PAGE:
12. I agree with Sam Harris that we do not have a sensation of free will, and certainly not of contra-causal free will. But that seems kind of beside the point: a decision is a thought, not an experience. I also agree that conscious thoughts typically arise from unconscious brain activity. We certainly don’t generally decide to decide to take a walk before we decide to take a walk, and a good thing too, because then we’d be stuck in an infinite regress.

    While thoughts do bubble up from the unconscious, that doesn’t mean we don’t control them. Thoughts are in league together. My thoughts after I decide to go for a walk will concern what coat to wear, whether to lock the door, and what route to take. The decision thought has influenced a whole series of further thoughts. A human being is a self-governing system.

  13. “I am in control of my thought” is one level of description. A different level of description is “my thoughts correspond to the evolution of my brain state for that particular time interval”. From the second level of description, given determinism, I can deduce that if the state of the world, including my brain, was exactly reproduced I would experience exactly the same thoughts, including the impression of being in control of my thoughts. That corresponds to the position that there is no such a thing as libertarian freewill

    1. I think there is trouble with “control of my thoughts”. It implies that there is something other than the thoughts that is doing the controlling. It’s a common phrase but I think most people would agree that the thoughts are all there is and that this phrase, on close inspection, shouldn’t be taken literally. Instead, it just means that one’s thoughts were not under someone else’s control or that you weren’t sleep walking or in some other abnormal state of consciousness. The thoughts, conscious and unconscious, flowed normally.

      1. There is a hierarchy of thought patterns in our brains, with some thoughts used to organize others. We think about thinking. Indeed we think about thinking about thinking.

  14. Thanks, ladies and gents, for a stimulating back-and-forth on this crucial subject. I feel I have to hang this question out there for your consideration: Who is the “I” who manages and controls thoughts. I’ve practiced Zen for decades and I’m in Harris’s camp. There’s no “I” or self. I believe we are in the thrall of language structure that channels us to speak and think in terms of subjects and objects. The “I” in the sentence, “I think thoughts,” is as mysterious as the “it” in, “It is raining.” Perhaps we can disabuse ourselves of the sense of self by moving to a language that is structured primarily around verbs, like Navajo or Cree.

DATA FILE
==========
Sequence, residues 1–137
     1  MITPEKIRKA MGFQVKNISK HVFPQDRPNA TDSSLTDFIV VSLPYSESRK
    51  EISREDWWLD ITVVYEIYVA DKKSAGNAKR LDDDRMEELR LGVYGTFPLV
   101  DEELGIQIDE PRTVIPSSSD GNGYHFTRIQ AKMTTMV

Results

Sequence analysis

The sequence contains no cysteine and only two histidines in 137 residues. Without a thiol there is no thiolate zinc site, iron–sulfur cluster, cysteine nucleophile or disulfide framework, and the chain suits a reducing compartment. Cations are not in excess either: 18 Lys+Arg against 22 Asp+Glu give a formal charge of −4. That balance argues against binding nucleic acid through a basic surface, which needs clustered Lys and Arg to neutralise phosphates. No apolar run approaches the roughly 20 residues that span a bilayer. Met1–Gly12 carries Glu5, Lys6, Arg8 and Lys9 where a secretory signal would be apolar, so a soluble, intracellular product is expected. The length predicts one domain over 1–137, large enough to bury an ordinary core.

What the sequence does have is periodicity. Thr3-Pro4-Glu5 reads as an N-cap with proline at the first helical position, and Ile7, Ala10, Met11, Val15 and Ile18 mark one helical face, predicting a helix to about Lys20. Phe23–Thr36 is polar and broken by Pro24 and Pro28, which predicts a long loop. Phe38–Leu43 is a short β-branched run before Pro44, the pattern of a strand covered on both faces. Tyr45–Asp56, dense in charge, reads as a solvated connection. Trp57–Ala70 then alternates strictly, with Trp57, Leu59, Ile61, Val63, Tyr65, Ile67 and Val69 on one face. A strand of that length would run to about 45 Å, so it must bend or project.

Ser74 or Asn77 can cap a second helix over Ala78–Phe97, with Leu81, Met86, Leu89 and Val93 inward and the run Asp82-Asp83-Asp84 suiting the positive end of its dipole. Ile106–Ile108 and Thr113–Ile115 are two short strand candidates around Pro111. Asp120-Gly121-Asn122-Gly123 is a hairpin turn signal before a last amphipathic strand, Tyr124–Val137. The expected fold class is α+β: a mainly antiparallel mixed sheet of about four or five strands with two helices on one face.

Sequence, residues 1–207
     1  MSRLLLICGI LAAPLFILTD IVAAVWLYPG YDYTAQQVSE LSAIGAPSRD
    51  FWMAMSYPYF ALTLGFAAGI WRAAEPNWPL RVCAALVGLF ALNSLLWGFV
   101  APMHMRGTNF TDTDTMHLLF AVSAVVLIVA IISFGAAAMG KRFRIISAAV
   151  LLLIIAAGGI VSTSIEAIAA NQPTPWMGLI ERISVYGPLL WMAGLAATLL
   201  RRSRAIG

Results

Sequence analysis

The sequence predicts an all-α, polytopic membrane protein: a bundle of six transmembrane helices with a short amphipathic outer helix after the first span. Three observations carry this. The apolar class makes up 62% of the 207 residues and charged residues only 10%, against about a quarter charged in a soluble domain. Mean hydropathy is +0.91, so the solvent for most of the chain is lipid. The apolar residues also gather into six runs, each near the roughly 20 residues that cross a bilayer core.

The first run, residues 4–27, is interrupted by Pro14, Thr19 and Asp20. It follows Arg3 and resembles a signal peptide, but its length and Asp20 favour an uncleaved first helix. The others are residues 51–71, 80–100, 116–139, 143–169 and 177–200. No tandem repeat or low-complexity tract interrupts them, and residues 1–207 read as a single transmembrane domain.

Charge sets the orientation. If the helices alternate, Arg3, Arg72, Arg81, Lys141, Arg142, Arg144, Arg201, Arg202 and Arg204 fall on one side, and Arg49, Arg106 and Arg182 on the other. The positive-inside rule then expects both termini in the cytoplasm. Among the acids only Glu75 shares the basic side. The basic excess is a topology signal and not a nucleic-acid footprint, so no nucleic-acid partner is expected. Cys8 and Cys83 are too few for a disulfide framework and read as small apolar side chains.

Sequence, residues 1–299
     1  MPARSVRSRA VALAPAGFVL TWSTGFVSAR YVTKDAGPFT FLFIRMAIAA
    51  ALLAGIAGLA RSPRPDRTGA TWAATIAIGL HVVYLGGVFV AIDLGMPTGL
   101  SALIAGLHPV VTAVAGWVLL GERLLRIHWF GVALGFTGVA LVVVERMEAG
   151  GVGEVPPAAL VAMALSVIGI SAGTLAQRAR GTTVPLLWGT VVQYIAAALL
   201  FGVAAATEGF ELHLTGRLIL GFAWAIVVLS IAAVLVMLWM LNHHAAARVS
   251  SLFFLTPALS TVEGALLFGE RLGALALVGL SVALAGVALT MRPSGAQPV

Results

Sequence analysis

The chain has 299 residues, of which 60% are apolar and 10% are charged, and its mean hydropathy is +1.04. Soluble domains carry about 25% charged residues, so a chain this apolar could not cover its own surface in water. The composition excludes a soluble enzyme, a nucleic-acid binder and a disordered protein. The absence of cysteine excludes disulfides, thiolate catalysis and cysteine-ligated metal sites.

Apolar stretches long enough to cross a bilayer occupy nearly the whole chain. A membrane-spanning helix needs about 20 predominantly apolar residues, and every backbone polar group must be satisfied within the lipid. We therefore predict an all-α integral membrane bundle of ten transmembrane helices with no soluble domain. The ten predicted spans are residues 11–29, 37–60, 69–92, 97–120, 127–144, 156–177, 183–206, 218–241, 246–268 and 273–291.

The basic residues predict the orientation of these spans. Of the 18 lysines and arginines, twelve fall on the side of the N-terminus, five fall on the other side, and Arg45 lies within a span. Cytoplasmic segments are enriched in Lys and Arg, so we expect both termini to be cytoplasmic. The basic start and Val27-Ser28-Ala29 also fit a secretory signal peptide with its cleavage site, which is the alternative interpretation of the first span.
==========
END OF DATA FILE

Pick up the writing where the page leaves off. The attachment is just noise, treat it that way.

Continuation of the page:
1. I have great aversion to podcasts as I find them very hard work. However I found that Susan Blackmore’s book “Zen and the Art of Consciousness” (or “Ten Zen Questions ” in the USA I believe) to be a very accessible written narrative about consciousness – and what that means.

      Short summary that doesn’t really do justice: When you really, really, look there’s nothing there.

      …and if there is nothing there, there is no substructure for Free Will to rest on.

      1. I am considering writing a book entitled ‘Zen and the Art of Electric Bicycle Maintenance’, after my excellent year which ended finally with an artificial replacing an arthritic hip.

    2. My view is that there most certainly is an “I” and that the only issue is figuring just what “I” is and accepting that.

      Language gets difficult quickly and when discussing complex subjects, especially ones that still have large areas of terra incognita, damn near every single word has to be clearly defined to really be sure we understand each other. What precisely is meant by “I,” what precisely is meant by “author” in author of our thoughts, etc.

      It seems to me that no matter how you slice it there is an I and we are definitely the author of our own thoughts. Simply put, if we did not exist then our thoughts would not exist either. The catch is that we are not necessarily what we think we are. We are a protoplasmic bag of intricate biological machinery that has a nervous system and a variety of sensor systems that enable us some experience of our reality and some ability to model it, and all this chugs along obeying the laws of physics. Whether the mental entity that each of us are is a singular I, or a multifaceted I, or a collection of many, or something else, we are still an entity comprised of whatever is in our individual physical body. Whether a thought, or impulse, or any cognitive activity, occurs subconsciously or consciously, in all cases it is still “I.” Perhaps not the I we think we are, not the I of our day to day conscious experience, but still I.

      1. What is it?

        Where is it?

        Is it different from 10 minutes ago? 10 hours? Days? Years?

        If so, then how can it be one object?

        What is an operating system when it is running? Can we point at the operating system?

        1. “What is it?” Not enough data yet to answer. Could be awhile.

          “Where is it?” It is something that happens in nervous systems.

          “Is it different from 10 minutes ago?” Sure it is. Everything is constantly changing, even “inanimate” things like rocks.

          “If so, then how can it be one object?” I may not understand what you are asking. I don’t see any correlation at all between how many objects something might be composed of and whether or not that thing is constant or changing. In a sense all macro things are composed of “lower order” things until you get down to strings, or something. There is some degree of arbitrariness to how we define and categorize macro things, but how we do it does tend to have some useful correspondence to reality. Animal bodies are made of an enormous amount of smaller objects but for many contexts it is very useful to consider a single animal body as an individual.